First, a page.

Fleet management 101: Determining who gets which car

Posted by Heather de Vos on 2018/10/10 10:00 AM

Determing Who Gets Which Car

This is every fleet manager’s nightmare, and a large part of the job. How do you match fit for purpose with status, and all the other factors that come into choosing a car?

Ownership of a motor car goes through a transitional phase from aspirational to status symbol with the middle sector largely practical and covering the process from initial independence through the school years.

In the years post WWII,  the growing South African economy saw many companies using a company car to entice sales and other representatives who, because of the large distances and minimal public transport, were on the road three to four days a week.

Employers then honed in on the action and started awarding more luxury cars as a ‘perk’ and recognition of status – and the practice mushroomed dramatically until Perks Tax gave focus to the reason why company vehicles were necessary and relevant.

With economic changes, environmental concerns and rapidly rising costs, fleet managers had to re-evaluate company policies and to change from a company vehicle as a reward to it being a tool of trade – although senior management remains in the ‘status’ sector.

Business tool vs status

It is imperative to differentiate between a company vehicle as a business tool and one that is representative of the status of the individual driving it.

In the latter case it is not uncommon for company executives to be allocated upper-end luxury vehicles befitting both their status and that of the company. However, it is equally important for the choices here to follow basic principles of cost-effectiveness and practicality.

While a high-power super car might make a statement about the company and its user, many of these are not actually practical for everyday use.

determining who gets which car

All other vehicles provided by the company need to be fit for purpose.

To determine if a vehicle is fit for purpose the following factors must be taken into consideration:

  • Vehicle industry – The industry of operation is important as it affects the specification of the vehicle. For example, forestry requires special features and specification. Legislation should also be considered as it may differ from one industry to the next.
  • Where it will be driven – Terrain (tar road or gravel). If a vehicle operates in harsh condition such as a mine or the bush a 4x4 vehicle should be used as it will be able to handle the terrain. Road conditions should be considered.
  • What type of loads it is expected to carry if any – Depending on the use of the vehicle boot space might be important for example if a client delivers goods. Specialised vehicles such as carrying heavy wood requires a vehicle that will be able to carry the heavy load.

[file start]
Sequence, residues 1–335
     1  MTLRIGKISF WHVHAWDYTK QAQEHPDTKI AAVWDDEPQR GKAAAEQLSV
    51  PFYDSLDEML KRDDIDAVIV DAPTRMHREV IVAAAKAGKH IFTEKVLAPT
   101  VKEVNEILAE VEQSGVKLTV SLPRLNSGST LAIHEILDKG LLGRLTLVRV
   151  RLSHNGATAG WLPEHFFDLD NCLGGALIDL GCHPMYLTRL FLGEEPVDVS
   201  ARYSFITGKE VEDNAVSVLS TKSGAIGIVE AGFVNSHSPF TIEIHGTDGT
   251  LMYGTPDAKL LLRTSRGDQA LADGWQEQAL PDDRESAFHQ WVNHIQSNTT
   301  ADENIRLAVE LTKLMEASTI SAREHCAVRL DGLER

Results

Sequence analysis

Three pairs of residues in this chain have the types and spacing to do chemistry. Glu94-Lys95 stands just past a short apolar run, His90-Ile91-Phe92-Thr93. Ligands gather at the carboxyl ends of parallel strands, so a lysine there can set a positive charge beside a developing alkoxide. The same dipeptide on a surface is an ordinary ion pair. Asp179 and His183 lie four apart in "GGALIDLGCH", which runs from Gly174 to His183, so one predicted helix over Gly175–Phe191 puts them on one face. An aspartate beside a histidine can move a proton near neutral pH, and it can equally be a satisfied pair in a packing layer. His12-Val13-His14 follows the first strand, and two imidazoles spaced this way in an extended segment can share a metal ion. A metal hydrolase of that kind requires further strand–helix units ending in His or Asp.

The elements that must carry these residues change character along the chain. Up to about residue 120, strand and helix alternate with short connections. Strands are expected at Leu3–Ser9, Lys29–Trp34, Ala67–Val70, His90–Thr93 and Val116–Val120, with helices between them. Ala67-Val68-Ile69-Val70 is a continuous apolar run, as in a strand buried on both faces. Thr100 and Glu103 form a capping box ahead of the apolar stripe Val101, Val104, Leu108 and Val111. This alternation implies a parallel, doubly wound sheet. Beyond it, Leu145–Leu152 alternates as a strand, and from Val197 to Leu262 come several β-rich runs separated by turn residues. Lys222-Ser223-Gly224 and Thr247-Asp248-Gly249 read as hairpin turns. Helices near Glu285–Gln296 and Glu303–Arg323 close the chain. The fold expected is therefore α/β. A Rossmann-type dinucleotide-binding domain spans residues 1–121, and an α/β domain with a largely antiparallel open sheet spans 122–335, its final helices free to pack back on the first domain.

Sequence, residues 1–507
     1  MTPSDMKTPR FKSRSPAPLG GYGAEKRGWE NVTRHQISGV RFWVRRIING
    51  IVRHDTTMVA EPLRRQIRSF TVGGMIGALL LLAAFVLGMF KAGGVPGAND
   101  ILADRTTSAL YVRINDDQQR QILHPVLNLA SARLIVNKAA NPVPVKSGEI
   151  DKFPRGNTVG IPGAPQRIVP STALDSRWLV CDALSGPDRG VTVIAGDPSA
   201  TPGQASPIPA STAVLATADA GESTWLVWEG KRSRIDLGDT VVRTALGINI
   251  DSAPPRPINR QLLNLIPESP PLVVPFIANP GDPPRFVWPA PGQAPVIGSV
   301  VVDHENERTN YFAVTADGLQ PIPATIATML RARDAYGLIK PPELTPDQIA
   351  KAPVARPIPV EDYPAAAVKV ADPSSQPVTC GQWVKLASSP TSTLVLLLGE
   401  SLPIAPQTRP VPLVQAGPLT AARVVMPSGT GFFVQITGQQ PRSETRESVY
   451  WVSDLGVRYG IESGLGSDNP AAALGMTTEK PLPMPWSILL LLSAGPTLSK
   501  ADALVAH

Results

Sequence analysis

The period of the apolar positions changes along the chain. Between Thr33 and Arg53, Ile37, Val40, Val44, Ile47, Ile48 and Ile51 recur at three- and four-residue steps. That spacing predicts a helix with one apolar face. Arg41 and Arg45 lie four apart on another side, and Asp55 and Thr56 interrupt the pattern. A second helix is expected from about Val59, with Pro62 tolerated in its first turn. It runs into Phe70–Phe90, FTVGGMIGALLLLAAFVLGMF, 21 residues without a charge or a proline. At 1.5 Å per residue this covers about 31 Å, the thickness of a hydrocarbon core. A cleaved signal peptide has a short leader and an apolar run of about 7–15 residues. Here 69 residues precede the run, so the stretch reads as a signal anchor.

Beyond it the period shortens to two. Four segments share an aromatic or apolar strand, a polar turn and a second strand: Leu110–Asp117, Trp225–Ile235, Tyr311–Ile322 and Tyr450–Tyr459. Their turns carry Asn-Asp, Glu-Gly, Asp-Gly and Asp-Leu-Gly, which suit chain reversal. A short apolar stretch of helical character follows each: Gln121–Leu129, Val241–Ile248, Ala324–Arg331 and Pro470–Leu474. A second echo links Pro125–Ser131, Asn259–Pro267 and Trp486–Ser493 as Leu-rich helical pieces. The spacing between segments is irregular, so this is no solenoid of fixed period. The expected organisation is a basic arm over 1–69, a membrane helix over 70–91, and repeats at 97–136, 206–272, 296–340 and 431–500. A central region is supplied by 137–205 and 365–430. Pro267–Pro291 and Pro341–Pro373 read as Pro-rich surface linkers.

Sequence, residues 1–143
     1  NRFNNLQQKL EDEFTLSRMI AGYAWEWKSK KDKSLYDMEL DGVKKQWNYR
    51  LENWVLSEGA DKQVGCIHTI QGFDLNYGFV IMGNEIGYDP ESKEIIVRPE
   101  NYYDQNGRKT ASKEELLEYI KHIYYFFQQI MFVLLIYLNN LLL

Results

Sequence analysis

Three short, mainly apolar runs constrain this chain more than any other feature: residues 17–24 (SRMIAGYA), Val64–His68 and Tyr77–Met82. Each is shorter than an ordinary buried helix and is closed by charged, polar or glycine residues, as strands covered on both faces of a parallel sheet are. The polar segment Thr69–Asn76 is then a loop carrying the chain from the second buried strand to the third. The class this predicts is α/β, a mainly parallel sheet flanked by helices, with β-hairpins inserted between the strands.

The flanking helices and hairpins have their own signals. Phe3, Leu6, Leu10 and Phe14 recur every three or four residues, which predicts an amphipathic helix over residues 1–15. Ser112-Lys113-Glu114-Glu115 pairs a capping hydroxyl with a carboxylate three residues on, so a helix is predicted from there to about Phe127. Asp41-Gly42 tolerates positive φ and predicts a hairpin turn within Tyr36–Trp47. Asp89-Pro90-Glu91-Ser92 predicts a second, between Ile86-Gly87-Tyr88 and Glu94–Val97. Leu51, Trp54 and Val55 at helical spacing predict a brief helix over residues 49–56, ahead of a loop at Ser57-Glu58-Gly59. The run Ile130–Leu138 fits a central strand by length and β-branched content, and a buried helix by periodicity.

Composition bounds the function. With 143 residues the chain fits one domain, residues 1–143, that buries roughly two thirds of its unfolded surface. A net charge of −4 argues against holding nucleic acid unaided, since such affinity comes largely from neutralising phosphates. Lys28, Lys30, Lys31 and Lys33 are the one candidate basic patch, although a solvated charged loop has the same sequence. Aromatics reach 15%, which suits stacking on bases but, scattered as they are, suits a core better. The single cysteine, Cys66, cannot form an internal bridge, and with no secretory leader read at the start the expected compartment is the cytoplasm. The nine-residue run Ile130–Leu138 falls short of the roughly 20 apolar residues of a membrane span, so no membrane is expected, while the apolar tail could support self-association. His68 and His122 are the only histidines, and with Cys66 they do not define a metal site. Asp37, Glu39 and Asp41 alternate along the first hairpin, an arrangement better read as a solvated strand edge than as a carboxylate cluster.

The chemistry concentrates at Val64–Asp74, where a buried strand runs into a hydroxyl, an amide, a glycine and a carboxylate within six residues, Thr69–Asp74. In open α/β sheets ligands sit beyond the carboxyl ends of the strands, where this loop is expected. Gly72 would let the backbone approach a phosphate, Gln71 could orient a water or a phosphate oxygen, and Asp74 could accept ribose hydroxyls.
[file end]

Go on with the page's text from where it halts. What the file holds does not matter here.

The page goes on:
• Application – The use of a vehicle is of critical importance. The fleet manager should determine what the vehicle should be used for.
  • Legislation – To consider CO2 emission when selecting a vehicle might be crucial once the government implements the CO2 emissions tax.
  • Efficiency – A vehicle has to be efficient to the organisation - this could mean different things to different businesses, and could include consideration of factors like fit for purpose, fuel efficiency, and more. An expensive asset that’s not used to full capacity becomes a budget drain.
  • Comfort – Being comfortable while operating the vehicle is important to drivers, especially for those driving for hours on end.
  • Technology – Fleet managers should determine if the vehicle requires technology such as a specialised camera or latest offloading equipment should be fitted into the vehicle for efficient and effective use of a vehicle.
  • Safety Issues, equipment requirements and signage
  • What is the budget? – Being realistic with the maximum amount that a fleet manager is willing to spend is important to avoid overspending and wasting money.
  • What is the expected mileage? – If the vehicle will do high mileage it is wise to purchase a vehicle that is low on fuel.

There are other factors that need to be taken into account and these will largely be determined by the type of business conducted by the company and any additional special needs.


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Topics: Management

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